6 Things That May Trigger a Flare at Christmas

6 Things That May Trigger a Flare at Christmas | NormaLyte ORS Electrolyte for POTS
6 Things That May Trigger a Flare at Christmas | NormaLyte ORS Electrolyte for POTS

6 Things That May Trigger a Flare at Christmas 

Christmas is a magical time of year.  Twinkling lights, upbeat jingles across the radio, and people who are just a tiny bit more kind than usual.  There’s something magical about this time of year.  

The holiday’s can be a time for flares if you suffer from any chronic illness.  Brain fog starts to set in, and let’s not forget about the chronic pain you’re feeling.  Let’s go over 6 things that may trigger a flare at Christmas.

1. TRAVEL

I have a cousin (okay, a SUPER distant and older cousin) that invites everyone she can think to invite for the holidays.  She lives on a ranch, and when I arrive it feels like I’ve stepped into a Hallmark movie at Christmas.  But it’s an hour away.  I’m cramped in the car, unable to stretch out.  It may be winter, but I’m sweating.  Traveling by car can cause dehydration, and some studies have shown that driving while dehydrated can actually be just as dangerous as driving impaired.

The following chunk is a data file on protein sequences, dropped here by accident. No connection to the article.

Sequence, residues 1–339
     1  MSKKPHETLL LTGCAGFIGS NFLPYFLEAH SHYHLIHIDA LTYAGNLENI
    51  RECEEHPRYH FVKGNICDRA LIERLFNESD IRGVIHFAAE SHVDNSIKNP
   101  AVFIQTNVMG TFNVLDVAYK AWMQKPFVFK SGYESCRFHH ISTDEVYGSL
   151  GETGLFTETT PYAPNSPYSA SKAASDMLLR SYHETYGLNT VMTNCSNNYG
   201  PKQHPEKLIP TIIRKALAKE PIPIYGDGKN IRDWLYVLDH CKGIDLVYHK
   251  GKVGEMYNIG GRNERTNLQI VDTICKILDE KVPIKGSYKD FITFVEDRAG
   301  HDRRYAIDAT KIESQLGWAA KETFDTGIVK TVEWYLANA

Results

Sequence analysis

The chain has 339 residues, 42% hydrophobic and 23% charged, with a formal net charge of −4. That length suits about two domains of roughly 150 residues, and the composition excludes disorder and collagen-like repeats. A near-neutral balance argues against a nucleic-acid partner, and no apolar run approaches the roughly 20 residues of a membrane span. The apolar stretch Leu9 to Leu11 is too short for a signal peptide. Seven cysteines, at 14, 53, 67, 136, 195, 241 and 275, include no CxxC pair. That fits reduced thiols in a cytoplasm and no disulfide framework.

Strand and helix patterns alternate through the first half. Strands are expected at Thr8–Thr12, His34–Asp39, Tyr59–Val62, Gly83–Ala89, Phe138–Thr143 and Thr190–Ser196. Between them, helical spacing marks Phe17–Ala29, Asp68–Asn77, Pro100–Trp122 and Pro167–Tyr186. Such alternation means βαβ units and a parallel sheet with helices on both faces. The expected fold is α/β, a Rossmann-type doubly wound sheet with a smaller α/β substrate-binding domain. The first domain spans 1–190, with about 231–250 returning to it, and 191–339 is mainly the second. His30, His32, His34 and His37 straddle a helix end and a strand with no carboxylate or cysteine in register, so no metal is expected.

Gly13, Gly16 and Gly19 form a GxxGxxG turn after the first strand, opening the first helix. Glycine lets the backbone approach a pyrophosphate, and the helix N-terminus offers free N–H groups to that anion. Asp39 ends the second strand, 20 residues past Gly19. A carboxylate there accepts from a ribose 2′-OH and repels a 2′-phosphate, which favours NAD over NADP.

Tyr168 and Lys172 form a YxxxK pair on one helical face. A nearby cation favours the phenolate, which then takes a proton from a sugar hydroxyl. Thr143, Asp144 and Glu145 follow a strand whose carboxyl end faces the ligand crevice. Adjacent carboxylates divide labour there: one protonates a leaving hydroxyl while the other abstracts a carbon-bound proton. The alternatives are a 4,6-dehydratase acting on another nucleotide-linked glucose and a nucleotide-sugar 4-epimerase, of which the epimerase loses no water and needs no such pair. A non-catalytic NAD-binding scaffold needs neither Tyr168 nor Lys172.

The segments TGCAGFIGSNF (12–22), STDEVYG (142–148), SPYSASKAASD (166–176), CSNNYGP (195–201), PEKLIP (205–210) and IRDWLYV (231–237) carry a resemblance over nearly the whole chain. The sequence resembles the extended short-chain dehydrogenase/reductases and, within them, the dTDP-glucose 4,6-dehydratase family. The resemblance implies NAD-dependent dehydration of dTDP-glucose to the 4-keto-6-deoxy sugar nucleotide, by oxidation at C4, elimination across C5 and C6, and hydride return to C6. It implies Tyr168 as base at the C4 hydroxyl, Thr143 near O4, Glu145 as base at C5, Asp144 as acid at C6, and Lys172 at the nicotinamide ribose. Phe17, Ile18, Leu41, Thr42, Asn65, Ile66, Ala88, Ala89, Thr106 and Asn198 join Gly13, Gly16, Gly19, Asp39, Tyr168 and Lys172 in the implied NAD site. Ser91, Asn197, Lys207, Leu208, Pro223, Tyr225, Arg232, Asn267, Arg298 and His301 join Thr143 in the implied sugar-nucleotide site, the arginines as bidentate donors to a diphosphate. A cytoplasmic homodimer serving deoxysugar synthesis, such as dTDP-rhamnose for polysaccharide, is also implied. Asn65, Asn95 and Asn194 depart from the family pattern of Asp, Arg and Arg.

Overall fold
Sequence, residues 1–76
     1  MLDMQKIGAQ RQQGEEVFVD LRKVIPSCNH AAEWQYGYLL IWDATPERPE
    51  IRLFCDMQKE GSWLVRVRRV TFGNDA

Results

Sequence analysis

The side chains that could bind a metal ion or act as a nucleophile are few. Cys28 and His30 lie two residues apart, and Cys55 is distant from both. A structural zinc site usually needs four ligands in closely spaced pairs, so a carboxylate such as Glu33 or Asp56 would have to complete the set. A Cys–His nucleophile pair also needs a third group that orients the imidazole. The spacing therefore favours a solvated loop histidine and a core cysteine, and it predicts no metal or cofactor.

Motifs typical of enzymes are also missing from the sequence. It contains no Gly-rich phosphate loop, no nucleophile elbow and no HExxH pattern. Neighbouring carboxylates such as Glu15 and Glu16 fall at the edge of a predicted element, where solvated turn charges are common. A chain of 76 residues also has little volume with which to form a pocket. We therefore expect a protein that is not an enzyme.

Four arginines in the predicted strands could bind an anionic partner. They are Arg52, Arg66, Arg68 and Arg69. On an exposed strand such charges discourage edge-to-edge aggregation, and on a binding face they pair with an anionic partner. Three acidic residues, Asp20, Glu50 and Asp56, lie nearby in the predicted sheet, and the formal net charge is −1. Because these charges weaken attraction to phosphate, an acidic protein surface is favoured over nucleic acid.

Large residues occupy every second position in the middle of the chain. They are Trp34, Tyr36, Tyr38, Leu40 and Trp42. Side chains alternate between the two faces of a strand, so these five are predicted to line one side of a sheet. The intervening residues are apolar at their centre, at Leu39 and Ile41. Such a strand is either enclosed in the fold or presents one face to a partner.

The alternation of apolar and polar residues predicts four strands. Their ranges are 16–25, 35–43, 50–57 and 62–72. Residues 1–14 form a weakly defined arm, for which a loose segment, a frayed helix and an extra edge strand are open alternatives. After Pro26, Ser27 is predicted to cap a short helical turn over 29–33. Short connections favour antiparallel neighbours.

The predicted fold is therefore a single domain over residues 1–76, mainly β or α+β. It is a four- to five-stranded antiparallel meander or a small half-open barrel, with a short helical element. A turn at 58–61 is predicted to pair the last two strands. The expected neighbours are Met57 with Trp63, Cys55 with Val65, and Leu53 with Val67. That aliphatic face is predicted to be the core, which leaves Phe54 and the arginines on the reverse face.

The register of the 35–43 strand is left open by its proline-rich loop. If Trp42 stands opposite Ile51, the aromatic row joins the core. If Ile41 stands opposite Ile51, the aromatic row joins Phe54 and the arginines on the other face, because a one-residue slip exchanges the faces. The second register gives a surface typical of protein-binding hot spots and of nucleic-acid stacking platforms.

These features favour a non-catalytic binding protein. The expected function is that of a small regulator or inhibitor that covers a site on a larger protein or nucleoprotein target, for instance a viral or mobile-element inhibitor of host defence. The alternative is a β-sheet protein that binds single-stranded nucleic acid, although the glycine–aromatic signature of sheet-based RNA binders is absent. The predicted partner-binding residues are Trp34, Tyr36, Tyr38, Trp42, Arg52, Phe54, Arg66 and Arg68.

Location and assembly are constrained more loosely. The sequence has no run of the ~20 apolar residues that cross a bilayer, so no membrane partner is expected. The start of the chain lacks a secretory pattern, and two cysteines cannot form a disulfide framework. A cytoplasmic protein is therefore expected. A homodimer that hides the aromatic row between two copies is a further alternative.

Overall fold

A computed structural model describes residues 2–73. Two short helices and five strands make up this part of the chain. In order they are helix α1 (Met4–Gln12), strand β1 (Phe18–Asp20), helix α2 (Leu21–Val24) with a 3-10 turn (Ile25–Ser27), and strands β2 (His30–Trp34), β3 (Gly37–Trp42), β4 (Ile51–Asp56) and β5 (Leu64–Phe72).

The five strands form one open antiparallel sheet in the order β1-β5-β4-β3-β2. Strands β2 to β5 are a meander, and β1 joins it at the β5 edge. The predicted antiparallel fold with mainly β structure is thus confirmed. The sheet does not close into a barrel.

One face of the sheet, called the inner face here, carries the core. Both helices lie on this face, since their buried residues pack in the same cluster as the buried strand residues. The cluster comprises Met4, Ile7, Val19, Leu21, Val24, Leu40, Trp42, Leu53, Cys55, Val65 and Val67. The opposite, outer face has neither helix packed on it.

The Solution

Prevent flares from traveling by dressing in layers and ensuring you are well hydrated.  Using a medical grade electrolyte like NormaLyte before you hit the road (or air) can help prevent dehydration.  Using the World Health Organization's perfect new formula for oral rehydration, you will notice a difference in your symptoms almost immediately.

2. SOCIALIZING

Even the most outgoing of social butterflies can find it exhausting.  Ever heard of the “introvert hangover”?  When you’re surrounded by a group of people, your brain is at full attention and you can easily become overstimulated.  There’s a certain amount of emotional fatigue that can loom over you even in the most healthy family dynamic.  Dubbed “family jet lag” the higher levels of stress and anxiety caused by time constraints and socializing can be just as detrimental on your body as physical stressors.  The fatigue you experience after leaving a social event is real.

The Solution